Mr. Finn concludes his essay by stating that he has “no interest in squelching a much-needed debate about the proper balance of public and private action in how we fulfill our obligation to the needy.” If he is truly interested in such a discussion, Mr. Finn might begin next time by stating his opposition’s position accurately. Not only would this engender a more fruitful and honest debate, but it is also a basic requirement of reason, not to mention justice. Sincerely, Fr. Robert Sirico, President Acton Institute.
While the editors were mulling over my letter, they found the time to publish a letter from Angus Sibley, of Paris, France, in the Oct. 24 issue. He applauded the Finn article and charged that I had an “un-Catholic and unbiblical” disrespect for the law based on a libertarian “obsession with ‘negative freedom.’” Obviously, Mr. Sibley had not read the original article for which I was being anathematized, or from what I could detect, anything I’ve ever written about law, government, economics or Catholic teaching. A brief visit to the Acton Institute Web site might have disabused him of these notions.
Then, on Oct. 27, I received an email from a Commonweal editor with an edited version of my Oct. 13 letter attached. Oddly, my first paragraph in which I note Commonweal’s habitual dissent from the Church’s authoritative teaching was excised from my letter. I spoke with this editor who pleaded space limitations. Understandable. So I asked how many words he had room for. He said 340. I submitted 343, reinserting what I suspected was the offending reference to Commonweal’s dissenting proclivity and murdering some of my other little darlings.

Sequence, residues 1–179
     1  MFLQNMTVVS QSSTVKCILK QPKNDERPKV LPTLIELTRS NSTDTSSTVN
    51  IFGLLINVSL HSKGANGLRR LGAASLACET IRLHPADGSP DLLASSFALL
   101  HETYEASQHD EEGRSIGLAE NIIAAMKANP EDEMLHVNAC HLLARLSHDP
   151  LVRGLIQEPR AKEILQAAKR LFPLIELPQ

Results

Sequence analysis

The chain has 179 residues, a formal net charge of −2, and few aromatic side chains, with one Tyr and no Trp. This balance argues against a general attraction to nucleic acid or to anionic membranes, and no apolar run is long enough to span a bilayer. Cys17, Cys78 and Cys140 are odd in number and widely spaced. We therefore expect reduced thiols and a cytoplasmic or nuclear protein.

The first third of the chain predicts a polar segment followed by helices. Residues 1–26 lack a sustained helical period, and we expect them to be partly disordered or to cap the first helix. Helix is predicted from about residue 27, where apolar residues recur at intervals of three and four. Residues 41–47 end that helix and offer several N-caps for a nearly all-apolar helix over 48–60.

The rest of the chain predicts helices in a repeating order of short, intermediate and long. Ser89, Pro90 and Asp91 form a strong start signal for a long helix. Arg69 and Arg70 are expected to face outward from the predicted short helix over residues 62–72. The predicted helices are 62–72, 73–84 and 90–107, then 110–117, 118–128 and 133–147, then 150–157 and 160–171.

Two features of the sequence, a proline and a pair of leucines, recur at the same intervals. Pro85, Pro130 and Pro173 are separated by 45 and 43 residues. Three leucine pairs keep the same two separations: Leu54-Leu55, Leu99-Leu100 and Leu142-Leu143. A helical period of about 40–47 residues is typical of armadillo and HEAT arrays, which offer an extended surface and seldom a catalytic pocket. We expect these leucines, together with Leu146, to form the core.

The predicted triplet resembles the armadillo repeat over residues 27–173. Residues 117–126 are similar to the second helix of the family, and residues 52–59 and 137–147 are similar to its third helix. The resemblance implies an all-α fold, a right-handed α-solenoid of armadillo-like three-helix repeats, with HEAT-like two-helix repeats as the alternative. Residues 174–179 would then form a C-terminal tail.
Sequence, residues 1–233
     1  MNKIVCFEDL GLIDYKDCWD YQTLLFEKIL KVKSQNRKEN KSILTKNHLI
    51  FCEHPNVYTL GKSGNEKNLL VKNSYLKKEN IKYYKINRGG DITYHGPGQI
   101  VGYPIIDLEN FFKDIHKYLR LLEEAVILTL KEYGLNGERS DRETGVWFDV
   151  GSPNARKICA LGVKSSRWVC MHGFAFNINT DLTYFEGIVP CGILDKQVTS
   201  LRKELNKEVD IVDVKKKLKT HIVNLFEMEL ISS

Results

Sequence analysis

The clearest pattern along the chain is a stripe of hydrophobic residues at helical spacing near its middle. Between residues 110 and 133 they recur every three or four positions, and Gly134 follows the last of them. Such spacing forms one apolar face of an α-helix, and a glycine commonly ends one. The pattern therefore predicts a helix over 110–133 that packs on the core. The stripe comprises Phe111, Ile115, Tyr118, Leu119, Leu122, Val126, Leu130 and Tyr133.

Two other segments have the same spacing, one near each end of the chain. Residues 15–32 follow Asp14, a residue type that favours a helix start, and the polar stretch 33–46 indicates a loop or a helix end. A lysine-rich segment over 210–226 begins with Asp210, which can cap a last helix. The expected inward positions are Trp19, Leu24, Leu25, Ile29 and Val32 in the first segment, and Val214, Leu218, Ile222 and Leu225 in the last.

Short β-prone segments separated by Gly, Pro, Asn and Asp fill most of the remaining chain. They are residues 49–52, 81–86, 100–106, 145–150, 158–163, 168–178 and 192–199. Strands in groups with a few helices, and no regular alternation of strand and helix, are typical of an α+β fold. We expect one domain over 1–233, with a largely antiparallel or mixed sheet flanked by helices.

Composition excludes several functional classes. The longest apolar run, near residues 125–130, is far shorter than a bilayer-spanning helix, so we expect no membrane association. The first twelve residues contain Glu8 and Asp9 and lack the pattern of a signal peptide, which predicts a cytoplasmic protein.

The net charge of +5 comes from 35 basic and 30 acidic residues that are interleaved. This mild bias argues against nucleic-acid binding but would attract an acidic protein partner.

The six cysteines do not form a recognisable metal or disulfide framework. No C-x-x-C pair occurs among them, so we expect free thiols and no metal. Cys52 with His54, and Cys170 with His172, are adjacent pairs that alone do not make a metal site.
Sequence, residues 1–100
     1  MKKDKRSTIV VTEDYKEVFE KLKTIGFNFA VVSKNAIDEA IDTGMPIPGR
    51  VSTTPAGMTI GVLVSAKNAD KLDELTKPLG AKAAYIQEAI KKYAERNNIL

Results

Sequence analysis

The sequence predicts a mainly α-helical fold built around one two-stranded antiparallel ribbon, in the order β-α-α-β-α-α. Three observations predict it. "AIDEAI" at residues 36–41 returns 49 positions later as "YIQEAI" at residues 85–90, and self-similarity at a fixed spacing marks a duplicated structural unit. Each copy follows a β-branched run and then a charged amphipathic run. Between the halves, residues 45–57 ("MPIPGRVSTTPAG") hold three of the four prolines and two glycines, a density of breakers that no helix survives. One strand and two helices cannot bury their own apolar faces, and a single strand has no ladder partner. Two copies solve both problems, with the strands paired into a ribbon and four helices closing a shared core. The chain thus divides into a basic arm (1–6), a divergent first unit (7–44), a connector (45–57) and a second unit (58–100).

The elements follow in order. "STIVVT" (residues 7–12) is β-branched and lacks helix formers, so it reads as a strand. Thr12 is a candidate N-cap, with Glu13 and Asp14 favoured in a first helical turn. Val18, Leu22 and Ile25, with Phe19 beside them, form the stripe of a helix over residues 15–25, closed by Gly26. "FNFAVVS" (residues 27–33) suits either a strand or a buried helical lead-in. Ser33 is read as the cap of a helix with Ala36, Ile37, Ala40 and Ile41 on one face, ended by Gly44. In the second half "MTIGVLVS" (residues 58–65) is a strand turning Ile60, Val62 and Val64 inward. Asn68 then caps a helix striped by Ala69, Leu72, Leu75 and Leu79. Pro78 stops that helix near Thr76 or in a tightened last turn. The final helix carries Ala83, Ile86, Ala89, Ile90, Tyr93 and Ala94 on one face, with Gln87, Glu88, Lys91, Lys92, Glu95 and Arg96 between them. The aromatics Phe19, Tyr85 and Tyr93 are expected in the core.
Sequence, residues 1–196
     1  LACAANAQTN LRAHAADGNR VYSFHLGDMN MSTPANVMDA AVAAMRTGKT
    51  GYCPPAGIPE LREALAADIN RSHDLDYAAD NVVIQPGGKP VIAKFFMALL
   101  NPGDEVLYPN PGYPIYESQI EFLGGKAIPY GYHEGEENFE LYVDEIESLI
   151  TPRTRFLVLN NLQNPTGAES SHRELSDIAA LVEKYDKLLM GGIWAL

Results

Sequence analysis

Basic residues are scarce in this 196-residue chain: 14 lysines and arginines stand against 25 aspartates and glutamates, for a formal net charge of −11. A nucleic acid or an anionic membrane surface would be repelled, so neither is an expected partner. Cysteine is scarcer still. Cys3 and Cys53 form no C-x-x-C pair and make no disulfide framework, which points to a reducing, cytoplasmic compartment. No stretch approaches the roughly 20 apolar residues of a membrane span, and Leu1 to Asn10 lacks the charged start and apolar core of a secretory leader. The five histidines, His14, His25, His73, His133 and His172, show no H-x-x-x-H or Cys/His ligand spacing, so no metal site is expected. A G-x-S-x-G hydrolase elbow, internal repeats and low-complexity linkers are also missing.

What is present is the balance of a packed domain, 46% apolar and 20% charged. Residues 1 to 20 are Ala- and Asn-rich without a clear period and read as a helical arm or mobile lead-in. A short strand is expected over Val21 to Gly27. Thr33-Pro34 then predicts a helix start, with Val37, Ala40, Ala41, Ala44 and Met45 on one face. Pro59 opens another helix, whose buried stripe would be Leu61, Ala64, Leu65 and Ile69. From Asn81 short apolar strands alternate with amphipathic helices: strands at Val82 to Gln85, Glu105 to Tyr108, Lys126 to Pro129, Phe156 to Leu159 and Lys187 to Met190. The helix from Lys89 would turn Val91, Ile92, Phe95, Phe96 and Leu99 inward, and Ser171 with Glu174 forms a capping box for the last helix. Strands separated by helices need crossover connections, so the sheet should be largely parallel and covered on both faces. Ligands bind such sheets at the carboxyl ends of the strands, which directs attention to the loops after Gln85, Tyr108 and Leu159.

The next day I received an email from The Editor of Commonweal Himself, one Paul Baumann, who expressed his desire to print my letter, but only under the condition that I not insist on the first paragraph which he said was “irrelevant to the issue at hand as well as inaccurate.” Now, I find being judged a heretic by what some consider was once America’s leading Catholic opinion journal of dissent, a tad ironic. As to Mr. Baumann’s charge of inaccuracy, I leave to those of you with strong theological stomachs and powerful search engines to probe the bowels of Commonweal to determine the truth of the matter. One final point worth noting and that is that when I responded to him that I thought he was a bit thin-skinned about my criticism and that he did not have my permission to publish an edited version of my letter, he promptly replied that neither would I have permission to publish his to me. Ouch!